Why I’m Joining the Unitarian Universalist Church

Today I take another step on my zig zagging faith journey. Today I am going to sign the membership book at the First Nashville Unitarian Universalist Church. This effectively completes my exodus from the United Methodist Church, but itself has been a long time coming. 

I actually knew of the UU church before I ever became a Christian. I had read of it in a young adult novel when I was eleven or so and was contemplating spirituality. The character in the book had discovered an open minded spiritual home in a local UU congregation. This prompted me to see if there were UU churches in my area- and that’s how I discovered FUUN. While I didn’t visit for many years, it was inspiring knowing there were open minded liberal religious people out there. 

I first visited FUUN when I was in college, I think. I was trying to visit as many different denominations and faith traditions as I could in order to seek commonalities and appreciate differences. However, I found a sanctuary at FUUN that transcended a simple visit. I would return to FUUN several times a year when, as I laughingly put it, “I got too fed up with Christians.” I knew I felt renewed every time I went, and appreciated that they dug from a deep well of many traditions, even my own. 

As I was beginning my departure from the UMC, I tried imagining if I would make a switch to another denomination. I was mostly split between the Episcopal Church and the UU Church. I felt that I knew I would become a UU before I died, but I didn’t know when. I felt that I wasn’t quite ready to “leave Jesus.” I felt that I needed the Eucharist. This was mostly what made me consider the Episcopal church- except for the glaring fact that the Tennessee Diocese individually is probably even more unwelcoming to LGBT people and women than the TNUMC conference! It wasn’t a solution. I also felt that wherever I went, I would still be a “Methodist sitting in another denomination.”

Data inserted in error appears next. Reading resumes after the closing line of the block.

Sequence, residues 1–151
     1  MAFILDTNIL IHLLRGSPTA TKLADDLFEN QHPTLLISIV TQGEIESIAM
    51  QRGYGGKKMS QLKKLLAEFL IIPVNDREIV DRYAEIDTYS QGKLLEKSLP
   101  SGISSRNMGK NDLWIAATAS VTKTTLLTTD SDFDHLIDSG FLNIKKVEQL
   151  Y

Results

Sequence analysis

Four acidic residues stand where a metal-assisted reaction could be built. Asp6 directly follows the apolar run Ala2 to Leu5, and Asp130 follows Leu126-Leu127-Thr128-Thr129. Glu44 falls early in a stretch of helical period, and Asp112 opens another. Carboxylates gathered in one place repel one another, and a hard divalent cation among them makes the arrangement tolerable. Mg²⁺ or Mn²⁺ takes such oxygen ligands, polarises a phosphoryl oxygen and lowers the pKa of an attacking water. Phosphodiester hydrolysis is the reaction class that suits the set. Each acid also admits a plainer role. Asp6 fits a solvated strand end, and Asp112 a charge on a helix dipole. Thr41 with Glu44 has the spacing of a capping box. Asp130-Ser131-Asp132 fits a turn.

Over the past year in divinity school, however, I’ve been feeling more and more alienated from the Methodist tradition. When I was in discussions and Methodist theology was mentioned, when I was in groups of Methodists laughing and joking about their studies, even when I went to Annual conference– I began to feel like an outsider looking in. I began to feel like these weren’t my people, even when I knew everyone in the room. I realized there was much of Methodist theology that no longer resonated with me, or rang too hollow in practice. Did I mention I haven’t gone to a Methodist church in over a year? 

The last thing holding me back was the Eucharist. Even when I began to realize and celebrate that I don’t need to shed my Christian identity to become a UU, I felt that I needed the Eucharist. Then, I recently realized that in the past year, I had only received the Eucharist a handful of times, and two or three of those times, I was the presider! “Maybe I don’t need to receive it in reality as much as I cerebrally do,” I began to wonder. I also knew that if I ever needed it, I could always go to an Episcopalian church or celebrate it with friends. I don’t need to abandon it. 

And so, this journey brings me here today. I am ready. Deep down I have always been a UU. I just didn’t know if the UU church would accept me as one of them because I am Christian or because I am sacramental. How foolish of me! The UUs are nothing if not welcoming of all people on their journey. I am so excited to begin this new journey, begin learning their hymns, their litanies, and begin my journey of involvement in ministry here. I am ready to have a home again. 



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2 responses to “Why I’m Joining the Unitarian Universalist Church”

  1. KIA says :

    good for you. my wife and i are on a similar path out of christianity. the several times we have visited the UU in our area have been warm and inviting, inclusive and celebratory of diversity.

  2. جميلة ميخائيل ♥ says :

    You write beautifully about issues surrounding faith my brother! Last year I left Christianity in favor of Shia Islam and although I’ve never been to an actual UU place of worship, I’ve had nothing but wonderful experiences with their members. I’ve also come across many other Muslims who have found a home with the UUs while not abandoning their Muslim identity because they are afraid of going to mosque with all the recent hate-crimes against them or they are afraid of being harassed etc. and I think it’s really essential in the current state of affairs to be tolerant, open and welcoming towards different groups of people. Once again, great post 🙂

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